• The necessity of swift action at all levels to protect public health and lessen the effects of climate change is emphasised by the urgency of the situation, as demonstrated by COP 28 and the current air quality issues.
PYQ: What are the key features of the National Clean Air Programme (NCAP) initiated by the Government of India?
(UPSC CSE (M) GS-3 2020)(250 words/15 m)
Practice Question: Discuss the challenges and proposed solutions in the context of air quality management in India, with a focus on the integration of science, policy, and technology. (150 words/10 m)

2. THE WHEAT TEST

Topic: GS3 – Agriculture – Issues of buffer stocks and food security

This topic is not much relevant in the context of Prelims but more for Mains in the context of Food security, current state of wheat stocks, agricultural policies, and their impact on the economy.

Context:
  • Wheat inventories in government warehouses fell to 16.4 million tonnes on January 1, the lowest level in seven years.
  • This does not, however, cause for immediate alarm because current supplies are greater than the 13.8 million tonne minimum buffer needed for both the public distribution system’s operating demands and a strategic reserve for the following three months.
  • To maintain stability and rein in overall retail food inflation, which is currently approaching double digits, the government has implemented measures like prohibiting the export of wheat and non-basmati white rice, limiting the holdings of large retailers and traders, and selling grain from the Food Corporation of India’s stocks on the open market.

Post-Election Supply Challenge:

  • Although the current state of affairs is under control, a possible problem could emerge following the April–May national elections.
  • Should the wheat crop, which is scheduled for harvest by the end of March, not yield satisfactory results, the new government may have difficulties with supplies.
  • Since taking office, the Narendra Modi-led administration has been vigilant in controlling the supply of edible oils and pulses, permitting imports with little to no tariffs through March 31, 2025.
  • But in the case of wheat, rice, and sugar, this proactive strategy has not been as apparent, maybe because growers in these industries have significant political organisations.

Policy Inertia and the Need for Import Considerations:

  • The Modi government has put measures in place to prevent sugar mills from diverting cane juice and intermediate-stage molasses for the creation of ethanol, as well as to restrict exports.
  • It hasn’t, however, started to allow imports. Imports might soon become necessary due to the finely balanced supply scenario, which includes uncertainties regarding real production and a six-year low in stocks at the start of the new sugar season in 2023–2024.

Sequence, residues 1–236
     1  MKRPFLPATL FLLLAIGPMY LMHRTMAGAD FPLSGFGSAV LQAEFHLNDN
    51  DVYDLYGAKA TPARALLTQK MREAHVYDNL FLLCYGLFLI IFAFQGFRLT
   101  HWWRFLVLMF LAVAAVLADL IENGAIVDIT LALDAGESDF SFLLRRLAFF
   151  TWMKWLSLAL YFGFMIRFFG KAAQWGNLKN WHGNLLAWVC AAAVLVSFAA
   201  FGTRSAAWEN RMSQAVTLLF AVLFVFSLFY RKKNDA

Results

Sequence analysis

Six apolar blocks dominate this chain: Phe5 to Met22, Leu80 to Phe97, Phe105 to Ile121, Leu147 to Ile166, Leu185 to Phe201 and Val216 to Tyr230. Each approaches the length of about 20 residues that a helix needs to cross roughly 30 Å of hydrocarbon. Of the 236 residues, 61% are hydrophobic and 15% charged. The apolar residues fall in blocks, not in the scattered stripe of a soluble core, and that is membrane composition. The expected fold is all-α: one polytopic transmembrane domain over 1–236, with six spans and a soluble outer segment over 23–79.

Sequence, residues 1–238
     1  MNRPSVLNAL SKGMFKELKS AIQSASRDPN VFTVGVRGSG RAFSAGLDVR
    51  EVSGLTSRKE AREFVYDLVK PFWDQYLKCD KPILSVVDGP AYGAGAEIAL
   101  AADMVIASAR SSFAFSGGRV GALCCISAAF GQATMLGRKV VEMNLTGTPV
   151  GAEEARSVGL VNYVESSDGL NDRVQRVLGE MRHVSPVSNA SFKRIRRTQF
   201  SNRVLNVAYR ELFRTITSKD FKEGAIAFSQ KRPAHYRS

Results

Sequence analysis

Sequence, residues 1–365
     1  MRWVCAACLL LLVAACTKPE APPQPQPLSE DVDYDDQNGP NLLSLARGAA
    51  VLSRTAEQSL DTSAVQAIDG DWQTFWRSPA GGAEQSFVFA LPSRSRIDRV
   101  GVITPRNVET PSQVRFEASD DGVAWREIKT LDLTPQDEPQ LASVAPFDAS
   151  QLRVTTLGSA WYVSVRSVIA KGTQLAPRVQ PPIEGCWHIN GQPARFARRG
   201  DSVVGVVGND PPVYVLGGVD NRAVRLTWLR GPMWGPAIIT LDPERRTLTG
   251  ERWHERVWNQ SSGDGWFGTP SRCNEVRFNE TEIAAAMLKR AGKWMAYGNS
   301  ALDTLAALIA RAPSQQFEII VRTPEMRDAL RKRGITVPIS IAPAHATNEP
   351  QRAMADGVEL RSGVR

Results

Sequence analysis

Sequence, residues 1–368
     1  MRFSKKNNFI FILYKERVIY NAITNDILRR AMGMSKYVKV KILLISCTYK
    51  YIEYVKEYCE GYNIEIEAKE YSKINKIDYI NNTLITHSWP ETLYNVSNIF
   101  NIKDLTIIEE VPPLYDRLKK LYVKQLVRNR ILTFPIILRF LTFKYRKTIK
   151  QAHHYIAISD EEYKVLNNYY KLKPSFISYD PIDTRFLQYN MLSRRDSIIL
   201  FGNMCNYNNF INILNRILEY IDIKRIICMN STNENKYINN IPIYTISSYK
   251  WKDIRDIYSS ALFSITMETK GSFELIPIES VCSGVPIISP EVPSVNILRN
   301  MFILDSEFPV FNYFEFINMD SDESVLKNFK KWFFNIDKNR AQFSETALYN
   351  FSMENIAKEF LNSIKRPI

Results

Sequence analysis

• It is now evident that there is a lack of predictability and consistency in agricultural policy, especially with regard to wheat, rice, and sugar.

Importance of a Strategic Vision for Agriculture:

  • The article makes the case for the ideal situation, in which export and stocking controls are not used and the import window is left open for all agricultural commodities.
  • It highlights that India’s agriculture needs a long-term strategy that addresses inflation episodes rather than just band-aid fixes.
  • In contrast to industry and services, the farm sector in India has suffered from unstable policies, which has affected investments in processing, storage, marketing, and research.
  • The article emphasises the need for the upcoming government to prioritise long-term policies that benefit both producers and consumers.

Conclusion:

  • The analysis highlights the fragile situation of the wheat stocks at the moment and the difficulties that may arise after the election.
  • It draws attention to the necessity of a more thorough and methodical approach to agricultural policy, stressing the value of consistency, predictability, and a long-term outlook for the good of all industry participants. 
PYQ: What are the major factors responsible for making rice-wheat system a success? In spite of this success how has this system become bane in India? (UPSC CSE (M) GS-3 2020) (250 words/15 m)
Practice Question: Evaluate the current state of wheat stocks in government warehouses, analyzing its implications on food security and the economy.
(150 words/10 m)